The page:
In today`s virtual world, when many people work in the cloud and remotely work with colleagues, the concept of what makes a document “legal” has a new meaning, and new technologies have changed the types of signatures (including electronic signatures) acceptable for legal documents. The PMU3: (i) prepares and transmits the Expenditure Estimate (EEO) for the initial advance of matching funds to the MEF; (ii) to include the EEO and the funds deposited into the project account in the register of requests for payment of the main registry funds and sub-project funds; and (iii) to keep expense documentation for the review and audit of the MEF. The clause allows the agreement to be executed in several identical copies, so that the parties can sign the document at different locations. However, it requires that the documents be identical; and the execution of a signature page does not constitute an agreement between the parties. Some clauses provide that an agreement is effective only when a party will hand over its signed agreement to the second party. Because the clause is so short and it is customary to execute multi-party agreements, you can include a counterparty clause in each contract you design if it is not signed in the traditional way, i.e. by all parties in person. As noted above, a signed fax or document scanned and sent by e-mail is often accepted as consideration, unless it is expressly excluded in a contract. But many government agencies like a district writer, for example, do not accept faxes and need an original signed document. From a technical point of view, the execution of several copies of the same agreement is a duplicate, not a consideration. This is why some lawyers refer to duplicates when discussing a co-part clause. Counter-parties are generally used when contract signatories are in different locations and contracts should include clauses allowing the use of intercom points.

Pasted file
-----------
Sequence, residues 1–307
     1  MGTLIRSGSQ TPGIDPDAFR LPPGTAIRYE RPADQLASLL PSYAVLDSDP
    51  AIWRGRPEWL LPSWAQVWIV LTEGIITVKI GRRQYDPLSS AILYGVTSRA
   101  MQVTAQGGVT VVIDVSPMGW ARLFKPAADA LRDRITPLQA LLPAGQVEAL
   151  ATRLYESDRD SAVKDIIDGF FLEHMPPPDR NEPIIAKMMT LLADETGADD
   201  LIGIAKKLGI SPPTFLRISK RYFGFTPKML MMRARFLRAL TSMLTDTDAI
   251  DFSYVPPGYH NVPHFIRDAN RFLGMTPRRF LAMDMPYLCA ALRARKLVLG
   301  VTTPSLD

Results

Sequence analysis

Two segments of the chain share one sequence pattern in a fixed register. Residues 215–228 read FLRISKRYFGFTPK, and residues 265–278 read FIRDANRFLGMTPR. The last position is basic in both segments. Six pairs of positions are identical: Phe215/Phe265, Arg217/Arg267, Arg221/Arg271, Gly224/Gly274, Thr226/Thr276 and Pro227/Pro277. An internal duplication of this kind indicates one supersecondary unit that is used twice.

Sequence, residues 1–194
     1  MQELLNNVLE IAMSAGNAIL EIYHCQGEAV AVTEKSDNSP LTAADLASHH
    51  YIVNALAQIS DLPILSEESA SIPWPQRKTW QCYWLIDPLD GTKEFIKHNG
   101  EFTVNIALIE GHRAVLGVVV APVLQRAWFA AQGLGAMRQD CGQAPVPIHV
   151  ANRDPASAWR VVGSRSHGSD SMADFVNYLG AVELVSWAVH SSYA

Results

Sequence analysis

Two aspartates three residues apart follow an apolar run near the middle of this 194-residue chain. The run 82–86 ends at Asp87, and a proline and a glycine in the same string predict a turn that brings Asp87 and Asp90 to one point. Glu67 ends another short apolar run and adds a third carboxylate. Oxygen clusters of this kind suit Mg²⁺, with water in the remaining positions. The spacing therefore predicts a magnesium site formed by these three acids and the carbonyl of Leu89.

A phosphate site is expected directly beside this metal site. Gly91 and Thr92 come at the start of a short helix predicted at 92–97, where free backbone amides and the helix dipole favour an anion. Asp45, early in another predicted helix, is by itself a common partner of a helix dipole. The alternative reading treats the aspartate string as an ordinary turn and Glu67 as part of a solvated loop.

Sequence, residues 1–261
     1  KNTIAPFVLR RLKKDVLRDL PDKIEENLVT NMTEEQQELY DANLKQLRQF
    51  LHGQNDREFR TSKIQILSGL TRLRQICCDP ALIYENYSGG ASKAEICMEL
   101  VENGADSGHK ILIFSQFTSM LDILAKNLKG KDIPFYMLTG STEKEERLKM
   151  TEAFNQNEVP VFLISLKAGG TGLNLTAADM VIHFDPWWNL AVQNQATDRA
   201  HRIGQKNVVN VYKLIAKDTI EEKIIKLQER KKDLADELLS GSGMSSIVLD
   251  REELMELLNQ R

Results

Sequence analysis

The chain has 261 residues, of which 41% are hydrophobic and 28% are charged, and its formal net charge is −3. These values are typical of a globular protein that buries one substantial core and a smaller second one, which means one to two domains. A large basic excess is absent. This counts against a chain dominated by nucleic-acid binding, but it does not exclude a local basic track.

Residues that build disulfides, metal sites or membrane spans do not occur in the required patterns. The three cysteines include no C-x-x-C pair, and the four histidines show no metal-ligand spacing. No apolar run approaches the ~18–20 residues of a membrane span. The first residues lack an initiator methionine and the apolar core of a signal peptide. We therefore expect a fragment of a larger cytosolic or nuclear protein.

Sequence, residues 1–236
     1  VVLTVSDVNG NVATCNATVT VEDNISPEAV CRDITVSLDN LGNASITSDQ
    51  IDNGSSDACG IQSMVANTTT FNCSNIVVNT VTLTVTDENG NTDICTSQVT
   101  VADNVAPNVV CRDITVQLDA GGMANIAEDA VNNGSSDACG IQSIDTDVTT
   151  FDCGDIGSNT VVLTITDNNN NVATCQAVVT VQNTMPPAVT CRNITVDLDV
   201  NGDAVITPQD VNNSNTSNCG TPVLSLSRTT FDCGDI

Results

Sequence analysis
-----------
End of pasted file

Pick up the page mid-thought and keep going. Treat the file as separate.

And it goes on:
This clause generally states that each correspondence, signed, “must be considered original” and that all the considerations combined are a document. Contract law may change over time, as seen, given the absence of a counter-clause clause. Although it has had its use in the past, most agreements no longer need it. Although the counterparts clause is no longer really necessary, many jurisdictions still contain it. In Europe, the clause is considered superfluous. The counterparty clause states that the parties are not obliged to sign the same copy of an agreement and that all copies may be treated as original for evidence. Some clauses provide that the agreement is effective only when one of the parties complies with the agreement it has signed. A signed original copy of any legal document is always an acceptable consideration. In some cases, the signature may be signed in the presence of a notary or verified by an identifier. The Uniform Electronic Transaction Act (UETA) is the equivalent of the E-Sign Act.
In 47 states, the District of Columbia, Puerto Rico and the U.S. Virgin Islands, UETA enforces the Electronic Signatures and Transactions Act under national law. A (relatively) new issue in contract law is when an electronic signature functions as an ordinary paper letter signature to attach it to an agreement. Examples of electronic signatures are the entry of your own name at the end of an email, the click of a “I agree” button, or the entry of your name or code, password or PIN in a field in an electronic form. Electronic signatures must be taken into account with respect to a counterparty clause, since these signatures are generally used for agreements signed by parties who are not in the same place and who each sign electronic “copies” of the same agreement.